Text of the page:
Since moving to Phoenix, Stant had been unable to find work. He regularly worked out in a gym, then would roam the streets in his neighborhood, picking up stray dogs, which he would bring home to feed. When Smith told him about the job that Eckardt was offering, Stant asked for more specifics. A short time after that, Eckardt called Stant directly. The job, he said, was to "make an accident happen" to a skater. As Stant tells it, Eckardt suggested that an Achilles tendon be cut. Stant said he would not cut anyone, and Eckardt revised the job description. The skater, he said, would have to be injured sufficiently that she would not be able to go to the upcoming national championships in Detroit. The fee was $2,500. Eckardt sweetened the pie by mentioning a bodyguard contract of $36,000 a week for a five-man team to provide security for Harding before the Lillehammer Olympics. This was pure hogwash, of course. But Stant was in, and he visited a store called Spy Headquarters and purchased a black, 21-inch retractable ASP tactical baton, shelling out $58.56, tax included.
Shortly afterward Eckardt visited Gillooly and Harding at their home. Gillooly says Eckardt put the cost of an attack on Kerrigan at $4,500, including airplane tickets, bus fare and the purchase of a used car to drive in Boston, plus food and lodging. Gillooly said that was too expensive. Eckardt asked what Gillooly and Harding could afford. Gillooly's response: $2,000. That was too little, Eckardt said.
A few days later Eckardt and Gillooly met again; Eckardt said he had the men lined up for the Kerrigan job and that they were ready to go. But Eckardt and Gillooly couldn't agree on a price, and according to Gillooly, he asked Eckardt to call the whole thing off. Eckardt said it was too late, that his reputation was on the line. On Christmas, Smith called to say he was coming to Portland and would arrive in about 18 hours: Eckardt and Gillooly could resolve their differences then.
Smith and Stant would be arriving in the early afternoon on Monday, Dec. 27, and Eckardt told Gillooly it would be a good idea to have some personal information on Kerrigan: a photograph, her address, the location of the rink where she skated. According to Gillooly's FBI statement, he passed this request on to Harding, suggesting she call a journalist of their acquaintance, Vera Marano, who lived in West Chester, Pa. Harding, Gillooly says, agreed to do so, saying she would tell Marano that she and Gillooly had a bet regarding where Kerrigan lived, and Marano could settle the bet. Harding also mentioned a poster of Kerrigan. Kristi Yamaguchi and Harding that she could say she needed Kerrigan to sign.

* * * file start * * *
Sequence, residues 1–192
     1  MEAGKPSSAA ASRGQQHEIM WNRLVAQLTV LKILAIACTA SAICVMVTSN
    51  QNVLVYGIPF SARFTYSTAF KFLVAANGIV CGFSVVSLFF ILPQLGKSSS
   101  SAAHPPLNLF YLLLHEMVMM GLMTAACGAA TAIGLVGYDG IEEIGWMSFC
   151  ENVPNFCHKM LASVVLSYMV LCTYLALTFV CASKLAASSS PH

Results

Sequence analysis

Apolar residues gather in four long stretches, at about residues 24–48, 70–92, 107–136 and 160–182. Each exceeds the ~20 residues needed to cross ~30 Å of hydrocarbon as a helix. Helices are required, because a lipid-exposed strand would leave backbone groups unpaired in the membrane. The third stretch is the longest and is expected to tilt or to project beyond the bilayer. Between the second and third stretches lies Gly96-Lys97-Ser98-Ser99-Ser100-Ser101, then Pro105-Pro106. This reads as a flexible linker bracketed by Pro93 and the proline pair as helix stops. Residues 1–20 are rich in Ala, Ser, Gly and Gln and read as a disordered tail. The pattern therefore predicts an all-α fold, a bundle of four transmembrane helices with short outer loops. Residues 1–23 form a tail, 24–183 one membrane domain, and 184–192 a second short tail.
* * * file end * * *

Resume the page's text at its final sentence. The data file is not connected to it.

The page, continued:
Interviewed by the FBI, Marano said the following: On Dec. 26 Harding called her, saying she needed to settle a bet. She asked Marano if she could find out where Kerrigan trained and if Kerrigan owned any property on Cape Cod. Marano told Harding she would try to get that information and would get back to her. Marano did this by calling a friend in Massachusetts, Dorothy Baker, a member of the U.S. Figure Skating Association. Baker told Marano that Kerrigan trained at Tony Kent Arena on Cape Cod. Baker would not provide any information about Kerrigan's place of residence. Marano called Harding back and left the information on an answering machine.
Gillooly told the FBI that when he and Harding listened to the tape, it sounded as though Marano were saying Kerrigan trained at "Toby Can" arena. They couldn't understand it. Gillooly says that Harding called Marano back on Dee. 27 and that he heard her ask Marano to "spell it out." Harding wrote down "Tony Kent Arena." Alter hanging up. Harding told him that Marano couldn't find out where Kerrigan lived. They then started looking for a picture of Kerrigan, and Gillooly found a brochure containing a photo of Yamaguchi, Harding and Kerrigan.
The drive by Smith and Stant to Portland from Phoenix, straight through, took 22 hours in Smith's black Porsche 944. Upon arrival the two men checked in at the Del Rancho Motel, across the street from a 7-Eleven, and paid in cash, registering under Stant's name. On Monday night, Dee. 27, Eckardt called Gillooly and told him that the guy who would carry out the attack had arrived. Time was short, and they wanted to meet the next morning at 10. Gillooly told him Harding was training at that time but he would try to get there as close to 10 as possible.
Harding's practice session was over at 10:30 a.m. Gillooly put gas in their blue Ford pickup, then, with Harding as a passenger, drove to the army-green, two-story house in which Shawn lives with his parents, Ron and Agnes. According to Gillooly, Harding knew what the meeting was about, and she was none too thrilled over his having direct contact with a possible hit man. Parked in the drive was Eckardt's 1976 green Mercury four-door and Smith's Porsche, which stood out like a pumpkin in a radish patch. Gillooly told Harding he would call her when the meeting was over, and she drove off in the pickup.
It was 11 a.m. when Gillooly arrived. While they were waiting, Smith had asked Eckardt to tape the conversation. The tape, he said, might be useful leverage if things went wrong and Gillooly refused to pay up. Eckardt put a pocket tape recorder on the desk and covered it with a paper towel. When Gillooly arrived, Eckardt's mother let him in. Eckardt's father was also in the house. Agnes told Gillooly, "They're in the office."
Eckardt's office was half a flight up, a small, converted bedroom with a window facing the street. He owned a computer, and his neatly stacked bookshelves had volumes arranged by subjects. The Poor Man's James Bond and The Anarchist Cookbook were among Eckardt's collection. He also had an impressive array of catalogs on SWAT and mercenary equipment.